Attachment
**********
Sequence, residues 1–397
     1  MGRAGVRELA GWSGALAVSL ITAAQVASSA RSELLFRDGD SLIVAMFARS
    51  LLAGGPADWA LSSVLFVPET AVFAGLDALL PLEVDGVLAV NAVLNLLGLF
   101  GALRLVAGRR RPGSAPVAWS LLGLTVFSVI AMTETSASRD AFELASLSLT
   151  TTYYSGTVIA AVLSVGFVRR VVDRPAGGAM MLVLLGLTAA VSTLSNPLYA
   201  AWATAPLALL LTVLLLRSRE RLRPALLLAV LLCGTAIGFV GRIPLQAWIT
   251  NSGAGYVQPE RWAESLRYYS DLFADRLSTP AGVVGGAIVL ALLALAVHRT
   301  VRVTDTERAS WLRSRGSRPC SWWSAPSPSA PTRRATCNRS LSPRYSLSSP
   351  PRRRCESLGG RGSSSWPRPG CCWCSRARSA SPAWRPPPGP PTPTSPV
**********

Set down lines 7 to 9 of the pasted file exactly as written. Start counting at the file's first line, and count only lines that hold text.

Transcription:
   251  NSGAGYVQPE RWAESLRYYS DLFADRLSTP AGVVGGAIVL ALLALAVHRT
   301  VRVTDTERAS WLRSRGSRPC SWWSAPSPSA PTRRATCNRS LSPRYSLSSP
   351  PRRRCESLGG RGSSSWPRPG CCWCSRARSA SPAWRPPPGP PTPTSPV